[26]      The ordinary language of this provision is unambiguous and clothed in peremptory language. Complaints in the District Labour Court must be lodged within 12 months from date of cause of action. Respondent did not lay a complaint within 12 months from the date of 30 September 2006. He opted to try and resolve the issue with his employer through negotiation and accepting re-deployment to another position.

[27]      Only when this avenue still rendered the respondent unemployed on 7 January 2008, he filed a complaint on 4 February 2008 in the District Labour Court. Respondent did not seek an approval from the District Labour Court at such time to lodge his complaint based on the 2006-act of termination.

[28]      In the premises, I hold that the correct legal position in this matter is that the respondent’s cause of action based on the 2006-act of termination lapsed, by the time he filed a complaint in February 2008.

[29]      In his judgment in the District Labour Court, Mr. Van Pletzen, ruled that the prescription of the respondent’s rights to complain based on the 2006–act of termination, was not pleaded and consequently not properly raised in the matter before him. He viewed the appellant’s argument22 of prescription as an ambush tactic and resolved not to take it into consideration in his final decision.

[30]      Accordingly, he held that respondent’s claims based on the unlawfulness of the 2006-act of termination is valid, consequently, that such termination of respondent’s services was unlawful and should for purposes of the determination of the entire employment relationship be regarded as if it never occurred. It follows, so his argument goes, that the actual employment relationship between the parties in this matter lasted from 28 October 2002 until 7 January 2008, without interruptions.23

[31]      I hold a different view on this matter. A claim of prescription against a cause of action is quite fundamental in terms of the principles of the Act. It goes to the root of the statutory intent behind entertaining labour disputes in the judicial arena. In the instant case where there are allegations that the 2006-act of termination has been followed with conduct by respondent indicating that he accepted the termination and consequent re-deployment, even more so. The reason why the Legislator has placed a timeline for lodging of complaints is to bring finality to the rights of parties in the employment relationship.24 The employment relationship is a dynamic one which evolves over time. If parties are allowed to enforce rights years after the time it accrued, disputes can become very complex.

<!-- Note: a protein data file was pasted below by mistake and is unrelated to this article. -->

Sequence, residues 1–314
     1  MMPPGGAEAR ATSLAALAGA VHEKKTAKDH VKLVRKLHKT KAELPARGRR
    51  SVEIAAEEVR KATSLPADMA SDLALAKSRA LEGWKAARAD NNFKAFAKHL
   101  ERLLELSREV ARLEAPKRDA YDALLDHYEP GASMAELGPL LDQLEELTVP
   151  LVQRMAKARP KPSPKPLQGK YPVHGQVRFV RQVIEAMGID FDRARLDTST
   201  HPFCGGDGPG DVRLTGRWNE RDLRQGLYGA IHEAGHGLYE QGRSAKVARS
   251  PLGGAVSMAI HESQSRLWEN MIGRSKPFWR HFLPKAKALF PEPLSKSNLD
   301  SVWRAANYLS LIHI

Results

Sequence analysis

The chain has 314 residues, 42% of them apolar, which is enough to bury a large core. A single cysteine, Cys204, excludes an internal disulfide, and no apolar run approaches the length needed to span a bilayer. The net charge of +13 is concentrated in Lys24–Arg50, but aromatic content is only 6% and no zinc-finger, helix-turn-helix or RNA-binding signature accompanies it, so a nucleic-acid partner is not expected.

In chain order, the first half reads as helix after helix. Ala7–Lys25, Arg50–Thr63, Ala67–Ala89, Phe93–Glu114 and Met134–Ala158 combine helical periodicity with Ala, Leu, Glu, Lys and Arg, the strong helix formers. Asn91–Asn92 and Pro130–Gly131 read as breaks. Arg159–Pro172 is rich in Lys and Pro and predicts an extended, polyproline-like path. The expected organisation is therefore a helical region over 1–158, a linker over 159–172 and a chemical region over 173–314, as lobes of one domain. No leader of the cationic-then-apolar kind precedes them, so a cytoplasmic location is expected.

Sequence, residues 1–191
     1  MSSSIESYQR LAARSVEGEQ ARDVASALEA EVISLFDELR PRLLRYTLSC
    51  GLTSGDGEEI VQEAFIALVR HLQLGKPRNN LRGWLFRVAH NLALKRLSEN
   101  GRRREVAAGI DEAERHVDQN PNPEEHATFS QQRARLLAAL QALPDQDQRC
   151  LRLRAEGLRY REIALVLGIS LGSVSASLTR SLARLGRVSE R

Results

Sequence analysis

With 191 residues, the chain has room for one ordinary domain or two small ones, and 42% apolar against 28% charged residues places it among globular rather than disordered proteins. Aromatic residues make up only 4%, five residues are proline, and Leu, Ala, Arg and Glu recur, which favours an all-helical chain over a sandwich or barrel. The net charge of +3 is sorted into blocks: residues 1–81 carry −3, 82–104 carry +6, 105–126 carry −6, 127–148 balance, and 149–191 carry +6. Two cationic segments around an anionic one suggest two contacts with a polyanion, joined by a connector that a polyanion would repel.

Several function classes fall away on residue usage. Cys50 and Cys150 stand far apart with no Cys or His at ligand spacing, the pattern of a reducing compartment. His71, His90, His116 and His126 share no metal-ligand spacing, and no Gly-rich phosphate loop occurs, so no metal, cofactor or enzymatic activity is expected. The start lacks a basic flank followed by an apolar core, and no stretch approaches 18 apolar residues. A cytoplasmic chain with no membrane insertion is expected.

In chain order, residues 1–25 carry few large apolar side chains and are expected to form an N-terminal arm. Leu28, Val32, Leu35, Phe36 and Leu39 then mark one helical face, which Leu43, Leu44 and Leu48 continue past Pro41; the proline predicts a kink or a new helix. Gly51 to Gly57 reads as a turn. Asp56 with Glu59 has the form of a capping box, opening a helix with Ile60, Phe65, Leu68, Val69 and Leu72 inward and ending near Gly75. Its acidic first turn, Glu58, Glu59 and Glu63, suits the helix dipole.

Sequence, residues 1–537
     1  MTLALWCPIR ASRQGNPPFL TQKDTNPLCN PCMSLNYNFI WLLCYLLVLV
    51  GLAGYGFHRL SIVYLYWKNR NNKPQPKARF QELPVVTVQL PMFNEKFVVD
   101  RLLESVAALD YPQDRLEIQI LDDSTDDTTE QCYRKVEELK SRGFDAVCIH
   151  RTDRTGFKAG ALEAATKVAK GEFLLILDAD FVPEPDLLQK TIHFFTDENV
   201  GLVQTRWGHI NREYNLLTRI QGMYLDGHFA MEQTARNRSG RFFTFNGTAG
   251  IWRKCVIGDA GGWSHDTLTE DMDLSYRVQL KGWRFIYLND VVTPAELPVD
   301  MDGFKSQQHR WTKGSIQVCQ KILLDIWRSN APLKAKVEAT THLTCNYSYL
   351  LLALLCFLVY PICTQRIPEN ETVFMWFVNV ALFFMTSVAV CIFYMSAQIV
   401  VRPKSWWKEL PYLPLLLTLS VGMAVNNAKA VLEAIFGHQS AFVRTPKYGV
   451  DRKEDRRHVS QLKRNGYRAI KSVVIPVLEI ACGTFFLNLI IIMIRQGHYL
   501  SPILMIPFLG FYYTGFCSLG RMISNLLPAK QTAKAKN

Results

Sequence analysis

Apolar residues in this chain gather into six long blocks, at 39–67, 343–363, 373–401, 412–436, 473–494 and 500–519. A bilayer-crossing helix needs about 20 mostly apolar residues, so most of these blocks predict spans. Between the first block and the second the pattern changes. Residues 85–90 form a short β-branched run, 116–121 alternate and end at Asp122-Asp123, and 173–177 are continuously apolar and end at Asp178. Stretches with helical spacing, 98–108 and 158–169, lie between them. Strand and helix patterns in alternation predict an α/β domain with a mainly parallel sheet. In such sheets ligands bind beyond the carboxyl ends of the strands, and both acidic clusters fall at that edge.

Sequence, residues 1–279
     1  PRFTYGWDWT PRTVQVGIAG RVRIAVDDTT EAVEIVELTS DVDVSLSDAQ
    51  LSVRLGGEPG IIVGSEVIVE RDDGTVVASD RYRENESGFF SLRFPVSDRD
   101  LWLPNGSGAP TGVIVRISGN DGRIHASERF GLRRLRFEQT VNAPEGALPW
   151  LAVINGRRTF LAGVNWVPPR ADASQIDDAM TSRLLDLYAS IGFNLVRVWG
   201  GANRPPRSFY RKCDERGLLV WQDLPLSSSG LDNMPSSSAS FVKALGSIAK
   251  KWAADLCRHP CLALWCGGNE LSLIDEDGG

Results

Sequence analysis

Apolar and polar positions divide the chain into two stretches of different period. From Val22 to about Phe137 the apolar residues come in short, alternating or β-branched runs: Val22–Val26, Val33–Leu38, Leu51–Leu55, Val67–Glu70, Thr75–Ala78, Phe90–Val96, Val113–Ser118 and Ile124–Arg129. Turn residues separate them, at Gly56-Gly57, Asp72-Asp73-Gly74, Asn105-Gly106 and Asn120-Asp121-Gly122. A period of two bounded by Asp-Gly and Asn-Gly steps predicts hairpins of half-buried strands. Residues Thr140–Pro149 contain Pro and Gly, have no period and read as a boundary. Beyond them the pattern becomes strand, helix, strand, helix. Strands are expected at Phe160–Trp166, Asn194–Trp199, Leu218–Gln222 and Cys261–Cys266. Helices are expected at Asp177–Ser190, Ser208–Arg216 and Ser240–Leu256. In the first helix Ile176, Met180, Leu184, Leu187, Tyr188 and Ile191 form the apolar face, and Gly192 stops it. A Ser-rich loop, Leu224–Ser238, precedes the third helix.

[32]      I respectfully associate myself with the following dicta by Smuts J, which was in relation to s 86 (2) of the Labour Act, 11 of 2007, but can have equal application to the intent of the Legislator in s 24 of the Labour Act 6 of 1992:

‘As was confirmed by this court, the provisions of s 86(2) are peremptory.  As was stressed in that matter, the provisions of the Act clearly demonstrate a statutory intention for disputes to be resolved and determined expeditiously.’ 25

[33]      If a party’s rights are not pursued within the time constraints of s 24 of the Labour Act 6 of 1992, both parties should be in a position to accept the de facto situation as the legal reality - once the period of 12 months expired.

[34]      To the contrary, Mr. Van Pletzen is giving the respondent the benefit of rights not pursued timeously, by holding that the 2006–act of termination was unilateral and can be disregarded. In my view this finding, is contrary to the intent of the Legislator in s 24, where the provision is clearly placing a time bar on the reliance of a complaint in the District Labour Court older than 12 months.